Emergency Planning: Why Do We Need It?
|By Francois Burman, Pr. Eng, MSc.
The needs of a dive business can be distilled into five areas:
- protecting its staff, clients and the public from injuries
- protecting its equipment and facilities, such as dive gear, boats, vehicles and the dive center itself avoiding exposure to liability risks
- considering the environmental impact —
- especially the long-term impact — on the diving attraction, local communities and wildlife
- retaining its clients, business and sources of income.
Ensuring a plan is effective requires a more detailed assessment and an understanding of what actions may be necessary. We start with a vulnerability assessment in which we consider the probable hazards and then decide which of these are real and which are purely hypothetical. To help decide which hazards are important, we use the following simple risk-assessment tool, as described in the DAN Hazard Identification and Risk Assessment (HIRA) program:
- How likely is exposure to the hazard (probability)?
- How often will there be exposure to this hazard (frequency)?
- What is the likely outcome of an accident (severity)?
To apply the tool, we must identify the hazards in need of assessment. The principal areas we review are the following:
- environment (in and out the water),
- diving risks,
- staff exposures,
- breathing gases,
Once the various hazards and their probability, frequency and severity are established, we should be able to respond immediately and without any doubt about what to do. First, we should mitigate the initial situation:
- Extinguish, contain, control and react appropriately.
- We must communicate the situation to rapidly obtain assistance.
- We need to take care of any injured people.
- Emergency equipment needs to be readily available and functional.
- We must follow the plan, react appropriately and not overthink our actions.
Standard operating procedures, when followed, promote avoidance of emergencies.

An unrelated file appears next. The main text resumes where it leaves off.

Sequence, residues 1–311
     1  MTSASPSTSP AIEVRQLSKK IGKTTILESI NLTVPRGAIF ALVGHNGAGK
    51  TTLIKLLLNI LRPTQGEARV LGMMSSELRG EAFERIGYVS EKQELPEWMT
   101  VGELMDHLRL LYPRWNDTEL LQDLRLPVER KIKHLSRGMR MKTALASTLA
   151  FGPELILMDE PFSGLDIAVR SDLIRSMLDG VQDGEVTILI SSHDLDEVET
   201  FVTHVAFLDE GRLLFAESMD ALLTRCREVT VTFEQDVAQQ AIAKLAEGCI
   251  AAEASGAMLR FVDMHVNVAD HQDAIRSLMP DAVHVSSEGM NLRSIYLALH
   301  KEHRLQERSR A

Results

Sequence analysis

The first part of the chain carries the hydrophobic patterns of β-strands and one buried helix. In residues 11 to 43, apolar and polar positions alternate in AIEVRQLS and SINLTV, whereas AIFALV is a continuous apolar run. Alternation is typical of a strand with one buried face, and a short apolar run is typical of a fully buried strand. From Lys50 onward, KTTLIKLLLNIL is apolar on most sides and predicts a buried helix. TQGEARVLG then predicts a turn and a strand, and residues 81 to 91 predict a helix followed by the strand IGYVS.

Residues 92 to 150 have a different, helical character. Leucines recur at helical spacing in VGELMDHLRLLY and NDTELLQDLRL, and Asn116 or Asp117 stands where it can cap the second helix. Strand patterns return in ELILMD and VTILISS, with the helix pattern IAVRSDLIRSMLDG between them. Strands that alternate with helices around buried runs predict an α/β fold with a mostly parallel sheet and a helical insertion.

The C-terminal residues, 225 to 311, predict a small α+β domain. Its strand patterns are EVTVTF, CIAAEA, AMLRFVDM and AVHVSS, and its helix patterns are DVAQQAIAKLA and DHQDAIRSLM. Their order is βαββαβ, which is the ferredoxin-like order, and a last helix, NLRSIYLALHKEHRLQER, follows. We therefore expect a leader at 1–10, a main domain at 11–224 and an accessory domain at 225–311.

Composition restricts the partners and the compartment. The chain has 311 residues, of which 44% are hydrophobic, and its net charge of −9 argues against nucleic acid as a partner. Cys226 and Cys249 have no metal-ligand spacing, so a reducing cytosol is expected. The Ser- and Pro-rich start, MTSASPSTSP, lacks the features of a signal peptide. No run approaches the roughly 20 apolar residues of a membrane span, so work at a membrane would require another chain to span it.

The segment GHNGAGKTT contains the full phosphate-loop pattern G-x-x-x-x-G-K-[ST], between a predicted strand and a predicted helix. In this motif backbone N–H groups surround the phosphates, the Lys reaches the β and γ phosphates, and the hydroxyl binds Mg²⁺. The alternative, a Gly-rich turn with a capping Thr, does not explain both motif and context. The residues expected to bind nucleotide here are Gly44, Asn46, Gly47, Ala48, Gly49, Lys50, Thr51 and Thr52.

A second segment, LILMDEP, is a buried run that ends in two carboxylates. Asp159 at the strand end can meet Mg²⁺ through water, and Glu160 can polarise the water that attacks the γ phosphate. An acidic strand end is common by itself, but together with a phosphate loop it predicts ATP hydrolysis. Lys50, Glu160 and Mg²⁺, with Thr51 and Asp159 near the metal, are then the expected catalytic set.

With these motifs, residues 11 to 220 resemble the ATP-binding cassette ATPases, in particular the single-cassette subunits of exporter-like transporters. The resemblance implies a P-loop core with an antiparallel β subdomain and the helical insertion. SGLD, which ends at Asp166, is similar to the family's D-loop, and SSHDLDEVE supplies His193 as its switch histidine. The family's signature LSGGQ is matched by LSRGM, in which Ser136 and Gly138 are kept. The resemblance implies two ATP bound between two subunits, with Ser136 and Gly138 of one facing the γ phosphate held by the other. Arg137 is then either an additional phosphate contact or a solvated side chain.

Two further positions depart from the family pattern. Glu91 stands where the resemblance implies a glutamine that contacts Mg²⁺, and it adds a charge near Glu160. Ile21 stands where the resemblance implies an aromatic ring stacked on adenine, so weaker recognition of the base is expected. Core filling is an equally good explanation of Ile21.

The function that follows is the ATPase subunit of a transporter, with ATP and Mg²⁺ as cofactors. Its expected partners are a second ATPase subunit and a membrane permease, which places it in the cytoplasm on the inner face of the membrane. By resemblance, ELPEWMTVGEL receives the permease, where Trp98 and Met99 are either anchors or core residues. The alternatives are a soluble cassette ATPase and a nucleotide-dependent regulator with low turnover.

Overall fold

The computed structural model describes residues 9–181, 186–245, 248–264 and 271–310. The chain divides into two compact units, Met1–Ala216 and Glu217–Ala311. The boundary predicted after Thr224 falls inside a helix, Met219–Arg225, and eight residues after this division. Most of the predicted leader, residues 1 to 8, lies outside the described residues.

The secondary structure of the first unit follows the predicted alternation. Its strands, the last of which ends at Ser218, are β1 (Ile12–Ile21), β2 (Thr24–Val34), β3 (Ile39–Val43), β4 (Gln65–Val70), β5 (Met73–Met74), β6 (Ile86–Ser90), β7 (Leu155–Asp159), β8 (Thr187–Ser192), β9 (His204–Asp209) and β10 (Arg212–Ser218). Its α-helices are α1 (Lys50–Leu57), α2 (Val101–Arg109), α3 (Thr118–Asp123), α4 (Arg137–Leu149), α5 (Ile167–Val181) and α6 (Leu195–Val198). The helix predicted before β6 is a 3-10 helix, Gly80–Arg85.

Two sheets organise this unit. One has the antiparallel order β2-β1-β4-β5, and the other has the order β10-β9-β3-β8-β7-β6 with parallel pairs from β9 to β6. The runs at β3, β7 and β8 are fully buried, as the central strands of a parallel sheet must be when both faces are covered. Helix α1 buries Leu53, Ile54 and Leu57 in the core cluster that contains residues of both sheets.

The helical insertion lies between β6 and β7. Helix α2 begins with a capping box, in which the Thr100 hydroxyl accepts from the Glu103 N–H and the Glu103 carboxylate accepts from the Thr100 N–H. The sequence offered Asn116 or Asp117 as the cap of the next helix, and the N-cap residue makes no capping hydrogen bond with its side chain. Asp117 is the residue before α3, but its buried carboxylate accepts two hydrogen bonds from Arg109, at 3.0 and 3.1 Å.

Checklists provide structured reactions, reduce the need to think, ensure consistency in actions taken and assist in training staff.
Reporting documents provide excellent learning opportunities and at a minimum reduce liability due to the timely recording of events.
Training is the cornerstone of prevention, preparedness and competence.
Practice through realistic and frequent drills will enable you to react appropriately, rapidly and calmly.
© Alert Diver — Q1 Winter 2018
Demo DiversCape Marine Research and Diver DevelopmentKaboom!....The Big Oxygen Safety IssueTerrific Freedive Mode“LIGHTS, Film, Action!”Scuba Nudi ClothingDive into Freedive InstructionThe Benefits of Being BaldThe Inhaca Ocean Alliance.Special Forces DiverToughing It Out Is DangerousWhat Dive Computers Don\'t Know | PART 2
Avoid Diving With EarplugsKwaZulu Natal shipwrecks: The ProduceDive in the Fast Lane with DPVsLearning from Success. Learning from MistakeLiability in ContextUnderwater Crime Scene InvestigatorsTravel Smarter: Personal Safety While TravelingDive Boat Etiquette – From Yachts to rubber ducksThe Parting ShotMismatched Scuba Valves to Cylinder OutletsPredive Warm-UpWeight loss for diversTara Panton's Cape NudibranchsRESEARCHER PROFILE: Petar Denoble: Solving practical issues for diversMonitoring Cardiac Health in Scuba Divers
UNCERTAINTY AFTER DIVING: Case Report and Recommendations #1.UNCERTAINTY AFTER DIVING: Case Report and Recommendations #2UNCERTAINTY AFTER DIVING: Case Report and Recommendations #3UNCERTAINTY AFTER DIVING: Case Report and Recommendations #4DIVERS LOSING ACCESS TO EMERGENCY CAREPreventing Breathing gas Contamination
When Should the Rescue Begin?Celebrating Young and Old in Turks and CaicosScuba Cylinder RundownChasing WeedsUnderwater Smartphone PhotographyAir and a SpareUnderwater Photographer: Fred BuyleBuilding Better BalanceLow-Visibility DivingMore Than a Sore ShoulderNot Only for DivingLaryngospasm and AnxietyPulmonary Hypertension and DivingTitan Meets TitanicPool Operation: Know Before you GoThe Argonaut Octopus and the jellyfishShort but Beautiful Lives